Navigating Projects with the Project Explorer Window

The Project window (aka Project Explorer), shown in Figure 2.1, doesn't look like it has much to offer. This is because I only have one workbook open and have yet to insert any forms, modules, or class modules. Figure 2.3 shows a more realistic example of the Project Explorer.

In Figure 2.3, three workbooks are open. The Project Explorer considers each to be a separate project. All of the projects in this figure have the default project name of VBAProject followed by the name of the workbook in parentheses. You can change the name of a project by selecting the project in the Project Explorer and then changing the name associated with the selected project in the Properties window.

By default, the Project Explorer groups like objects together in folders. Depending on the project, you may have up to four kinds of objects associated with a project.

Microsoft Excel objects Each worksheet in a workbook is considered an Excel object. Also an object called ThisWorkbook represents the workbook as a whole. Because a workbook must have at least one worksheet, you'll always find at least two items in this folder, one worksheet object and the ThisWorkbook object.

Figure 2.3

A busy Project Explorer

Figure 2.3

A busy Project Explorer

Projekt Explorer Excel 2003

Forms Forms represent user forms that can be added to a project. We will discuss user forms in detail in Chapter 20.

Modules A module is a container for the procedures you write. When you start writing code, you'll begin by inserting a module into the project.

Class modules Class modules are a special kind of module that allows you to develop your own custom objects. I'll discuss this in great detail in Chapter 11.

You can also view the various objects in a project without the folders, as shown in the following graphic, by clicking the tool button in the Project Explorer toolbar. The ToolTip for this icon is Toggle Folders.

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The Project Explorer toolbar also includes two other tool buttons: one labeled View Code (the button on the left) and another labeled View Object (the button on the right).

All four kinds of objects associated with a project have a VBA code window associated with them. You can view the code window associated with an object by selecting the object in the Project Explorer and clicking the View Code button. Microsoft Excel Objects and Forms also have a viewable object associated with them. If you select a worksheet object and click View Object, for example, you'll be transported back to the main Excel window, which will have the appropriate worksheet displayed. Forms are slightly different. Forms have a visual design window associated with them. This window is what is displayed when you use View Object on a form object.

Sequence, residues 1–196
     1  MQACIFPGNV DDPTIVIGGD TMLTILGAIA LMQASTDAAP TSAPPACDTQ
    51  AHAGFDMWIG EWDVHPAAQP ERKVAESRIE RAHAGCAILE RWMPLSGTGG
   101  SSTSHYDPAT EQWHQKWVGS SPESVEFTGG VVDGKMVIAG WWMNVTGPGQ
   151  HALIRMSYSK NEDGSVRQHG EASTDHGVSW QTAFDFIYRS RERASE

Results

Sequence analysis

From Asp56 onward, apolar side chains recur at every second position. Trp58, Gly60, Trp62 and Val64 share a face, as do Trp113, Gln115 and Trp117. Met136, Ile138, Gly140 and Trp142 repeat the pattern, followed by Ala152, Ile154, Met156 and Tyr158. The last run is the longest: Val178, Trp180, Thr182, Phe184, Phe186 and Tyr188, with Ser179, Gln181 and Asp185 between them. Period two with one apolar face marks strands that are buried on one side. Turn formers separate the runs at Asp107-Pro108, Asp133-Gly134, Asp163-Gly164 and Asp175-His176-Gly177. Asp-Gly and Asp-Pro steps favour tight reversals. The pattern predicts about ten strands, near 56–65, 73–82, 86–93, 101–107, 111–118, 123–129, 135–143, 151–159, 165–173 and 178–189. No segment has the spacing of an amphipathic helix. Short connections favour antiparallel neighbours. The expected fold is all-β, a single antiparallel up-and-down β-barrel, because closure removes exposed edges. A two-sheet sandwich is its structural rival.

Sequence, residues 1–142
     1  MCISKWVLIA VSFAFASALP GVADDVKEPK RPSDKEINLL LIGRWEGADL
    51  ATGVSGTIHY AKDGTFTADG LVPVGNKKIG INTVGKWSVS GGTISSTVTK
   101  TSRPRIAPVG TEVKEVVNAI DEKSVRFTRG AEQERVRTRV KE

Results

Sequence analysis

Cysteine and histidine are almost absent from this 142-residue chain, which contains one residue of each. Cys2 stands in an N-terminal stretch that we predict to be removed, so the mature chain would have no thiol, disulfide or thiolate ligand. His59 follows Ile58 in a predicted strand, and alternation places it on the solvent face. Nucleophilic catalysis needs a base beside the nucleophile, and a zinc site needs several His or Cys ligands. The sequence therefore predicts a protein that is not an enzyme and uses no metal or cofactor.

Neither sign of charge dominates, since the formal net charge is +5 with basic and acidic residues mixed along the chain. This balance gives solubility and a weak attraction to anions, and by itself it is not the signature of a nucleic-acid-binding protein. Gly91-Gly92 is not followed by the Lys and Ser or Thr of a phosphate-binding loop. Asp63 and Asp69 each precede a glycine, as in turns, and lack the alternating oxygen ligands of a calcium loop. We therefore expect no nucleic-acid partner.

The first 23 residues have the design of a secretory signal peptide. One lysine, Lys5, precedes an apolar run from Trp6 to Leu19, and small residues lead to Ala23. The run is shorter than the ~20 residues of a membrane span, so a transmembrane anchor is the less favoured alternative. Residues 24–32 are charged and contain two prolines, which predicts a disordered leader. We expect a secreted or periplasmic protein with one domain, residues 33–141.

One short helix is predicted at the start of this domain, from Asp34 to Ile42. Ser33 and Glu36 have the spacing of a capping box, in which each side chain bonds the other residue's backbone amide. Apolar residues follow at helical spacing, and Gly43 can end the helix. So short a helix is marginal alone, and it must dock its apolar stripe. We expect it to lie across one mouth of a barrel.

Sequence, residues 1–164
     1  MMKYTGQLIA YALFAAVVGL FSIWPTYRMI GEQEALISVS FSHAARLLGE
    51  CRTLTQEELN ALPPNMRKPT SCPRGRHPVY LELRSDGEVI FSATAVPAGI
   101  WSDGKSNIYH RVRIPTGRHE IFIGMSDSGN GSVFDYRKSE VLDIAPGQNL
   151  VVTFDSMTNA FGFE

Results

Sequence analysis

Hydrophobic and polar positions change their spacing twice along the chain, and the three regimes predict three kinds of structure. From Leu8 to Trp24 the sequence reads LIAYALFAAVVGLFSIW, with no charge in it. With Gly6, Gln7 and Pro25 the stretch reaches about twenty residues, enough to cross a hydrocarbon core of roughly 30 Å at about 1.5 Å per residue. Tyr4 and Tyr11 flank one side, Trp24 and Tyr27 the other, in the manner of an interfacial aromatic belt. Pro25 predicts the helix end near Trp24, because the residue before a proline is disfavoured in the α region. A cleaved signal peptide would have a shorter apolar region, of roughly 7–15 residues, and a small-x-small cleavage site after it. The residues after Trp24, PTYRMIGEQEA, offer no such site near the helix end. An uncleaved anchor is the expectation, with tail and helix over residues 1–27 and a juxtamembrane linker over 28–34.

NOTE As with just about anything, when it comes to performing various tasks in the VBE, you can achieve the same result in more than one way. For example, you can also view code by performing one of the following three actions: (1) right-clicking the object to display the context menu and choosing View Code, (2) selecting the object and choosing the View ^ Code menu item, or (3) selecting the object and pressing F7. I'll present the various flavors of using the context menu, the main menu, or shortcut keys throughout the book. Shortcut keys are my favorite because they are extremely efficient when com-pared to other methods.

Don't Miss This Overlooked Tip

Now that I have your attention, you have got to know one other thing about the Project Explorer that many people overlook; this can be a real timesaver. As you start developing a critical mass of code, you'll occasionally want to transfer forms, modules, or class modules between projects. You can perform this action very quickly using the Project Explorer. Simply open the workbook that contains the object you want to transfer and any workbooks that you want to transfer the object to, and then drag and drop the object into the project that you want to transfer it to. This doesn't remove the object from the original project; it just copies it into the destination project. Though it would be nice, you can't transfer worksheets between workbooks in this manner.

TIP You can drag and drop forms, modules, and class modules between projects.

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